In immigrant families, a lot of emphasis is placed on being safe – both physically and financially. It’s completely understandable considering everything my family has been through but I just knew I wanted more and I never knew what that was. I was always climbing the few trees there were, collecting snails, questioning all my teachers and playing football or cricket with my brother.
Luckily, my parents were never quite ‘normal’ and they’ve always had an open mind. I think my curiosity for adventure came from them encouraging me to look outside the box and just be the best version of me I could be; whether that was taking the traditional path or something a little different. They really nurtured my inquisitive, fiery spirit and I’m so grateful for that – otherwise I might not be doing what I am today!
Why do you think it’s important for women, specifically, to explore the world?
Apart from the obvious answers that it’s incredibly empowering or just for the thrill, we have a worldwide narrative of seeing everything through the male gaze and I think that it’s time for that to change. Everyone has blind spots in their understanding of the world around them. We’ve been viewing the world from the perspective of cis white men for so long, who probably all come from similar backgrounds that are very different to mine or yours. I think we need to put our own stamp on the world, and share experiences through our lens – and I’m particularly speaking as a woman of colour too.
As great as all of that is, I generally don’t think it’s important for anyone to do anything. Just do what makes you happy. You don’t need a reason to go out there. Our narratives tend to be those of the broken woman, out to find themselves – think ‘Eat, Pray, Love’ or ‘Wild’. Whilst those have incredible and valid stories, I think we’ve been limited to that. I don’t travel because I’ve recently been through a bad break up or to escape something, actually the opposite. I travel for the same reasons white men throughout history have traveled: because I love it. And exploring doesn’t mean battling your way through overgrown plants and giant bugs in the jungle. Even if it’s just a day trip out of town, with someone or alone, it’s about the experience. Jumping on the tube to a new part of London is an adventure for me!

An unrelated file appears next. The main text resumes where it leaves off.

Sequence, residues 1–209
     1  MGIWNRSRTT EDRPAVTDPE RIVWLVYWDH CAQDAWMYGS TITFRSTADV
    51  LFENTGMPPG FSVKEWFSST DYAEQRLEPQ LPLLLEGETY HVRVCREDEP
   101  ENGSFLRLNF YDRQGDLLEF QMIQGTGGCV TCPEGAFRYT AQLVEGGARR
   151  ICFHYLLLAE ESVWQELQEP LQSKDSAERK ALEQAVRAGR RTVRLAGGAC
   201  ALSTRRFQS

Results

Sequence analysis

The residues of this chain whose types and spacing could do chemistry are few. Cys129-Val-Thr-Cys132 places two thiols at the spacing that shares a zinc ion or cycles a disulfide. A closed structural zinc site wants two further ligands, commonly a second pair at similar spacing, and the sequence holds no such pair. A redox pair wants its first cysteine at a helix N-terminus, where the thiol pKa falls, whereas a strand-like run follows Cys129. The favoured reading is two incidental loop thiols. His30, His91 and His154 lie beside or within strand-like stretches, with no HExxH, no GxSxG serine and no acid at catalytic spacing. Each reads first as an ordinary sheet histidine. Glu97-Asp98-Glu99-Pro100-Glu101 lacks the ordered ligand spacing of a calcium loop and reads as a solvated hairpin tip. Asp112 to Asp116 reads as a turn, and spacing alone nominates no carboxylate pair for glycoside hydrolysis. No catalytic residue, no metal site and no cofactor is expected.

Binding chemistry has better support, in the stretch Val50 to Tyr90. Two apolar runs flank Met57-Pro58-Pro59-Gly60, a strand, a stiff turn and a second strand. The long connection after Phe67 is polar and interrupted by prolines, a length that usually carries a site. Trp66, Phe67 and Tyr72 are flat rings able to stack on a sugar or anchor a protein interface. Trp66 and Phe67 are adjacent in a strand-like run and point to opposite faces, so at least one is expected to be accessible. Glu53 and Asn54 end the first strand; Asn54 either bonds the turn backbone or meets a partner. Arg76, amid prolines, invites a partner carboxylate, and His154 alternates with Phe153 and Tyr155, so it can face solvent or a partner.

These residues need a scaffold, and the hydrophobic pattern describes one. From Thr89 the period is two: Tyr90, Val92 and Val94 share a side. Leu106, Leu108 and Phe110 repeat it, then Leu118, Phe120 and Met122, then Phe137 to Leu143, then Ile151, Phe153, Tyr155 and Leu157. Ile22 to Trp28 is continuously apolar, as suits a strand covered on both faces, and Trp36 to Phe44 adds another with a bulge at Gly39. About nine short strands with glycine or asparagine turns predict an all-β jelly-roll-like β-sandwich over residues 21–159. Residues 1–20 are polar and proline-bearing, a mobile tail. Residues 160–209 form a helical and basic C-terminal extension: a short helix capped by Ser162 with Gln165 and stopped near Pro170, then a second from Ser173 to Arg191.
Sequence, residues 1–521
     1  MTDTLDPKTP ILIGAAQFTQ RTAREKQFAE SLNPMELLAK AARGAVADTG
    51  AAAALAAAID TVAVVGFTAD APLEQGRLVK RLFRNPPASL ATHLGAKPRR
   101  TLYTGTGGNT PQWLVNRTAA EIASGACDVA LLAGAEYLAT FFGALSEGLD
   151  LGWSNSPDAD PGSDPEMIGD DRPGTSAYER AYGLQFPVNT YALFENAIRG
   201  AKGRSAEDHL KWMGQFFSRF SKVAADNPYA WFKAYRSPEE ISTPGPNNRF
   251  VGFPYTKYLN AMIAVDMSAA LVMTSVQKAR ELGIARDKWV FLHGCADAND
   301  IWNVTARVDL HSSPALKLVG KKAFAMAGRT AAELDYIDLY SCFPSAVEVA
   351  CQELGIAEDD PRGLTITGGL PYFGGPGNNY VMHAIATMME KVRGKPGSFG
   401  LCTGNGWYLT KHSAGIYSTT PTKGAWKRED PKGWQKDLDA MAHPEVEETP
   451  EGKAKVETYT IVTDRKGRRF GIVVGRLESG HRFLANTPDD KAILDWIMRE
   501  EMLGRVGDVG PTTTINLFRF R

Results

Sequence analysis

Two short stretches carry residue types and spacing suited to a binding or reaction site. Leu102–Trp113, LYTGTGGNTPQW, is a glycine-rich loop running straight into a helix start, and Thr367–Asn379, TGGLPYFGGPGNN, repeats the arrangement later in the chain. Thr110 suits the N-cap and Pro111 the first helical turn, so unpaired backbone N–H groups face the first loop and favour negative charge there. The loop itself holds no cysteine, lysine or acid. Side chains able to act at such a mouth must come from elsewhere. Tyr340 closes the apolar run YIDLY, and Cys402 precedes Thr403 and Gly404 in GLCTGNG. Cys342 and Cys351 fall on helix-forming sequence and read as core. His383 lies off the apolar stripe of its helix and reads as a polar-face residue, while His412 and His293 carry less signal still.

Well said! So, have you faced any struggles traveling as a woman?
Of course – I don’t think any woman hasn’t! I’ve been so lucky not to have experienced anything particularly bad. It’s mostly the staring, especially traveling alone (and on top of that being a woman of colour alone), people not taking you seriously, men giving unsolicited advice on how to use your own camera – just the usual really. I hate people looking at me in any setting so that’s what I struggle with the most – and I draw attention to myself more with all my camera kit, which doesn’t help. It’s really stopped me getting the shots that I want to because I don’t like drawing attention to myself. I’m still not quite over that yet but on every trip I try and force myself, at least once, to ignore everyone and just take that photo that my brain tries to stop me from taking.
Is there anything else you would like to add?
I think the #DTBehindTheLens series is fantastic. Instagram has become a clone machine, where it seems like the goal is becoming about getting the perfect selfie. The idea of hiking up a mountain, getting changed into a beautiful, flowing dress and then taking a photo of myself just seems a little impractical and extremely time consuming.
Whilst I admire the creativity and the patience to get those shots (and I honestly think they’re beautiful), I think showcasing the ‘female gaze’ is really important; I guess, personally, it’s about women looking not just being looked at.
For me, travel photography is about capturing what I see and the editing process is about staying true to what I saw whilst also trying to get the feeling of being present in that final image across. Travel photography isn’t about me, it’s about the journey and the world outside of my little London bubble – I’m just the vessel, looking at the world through my unique pair of eyes. I really hope these blogs inspire women to go beyond social media engagement and to create something new and know that what they create is really, really valuable.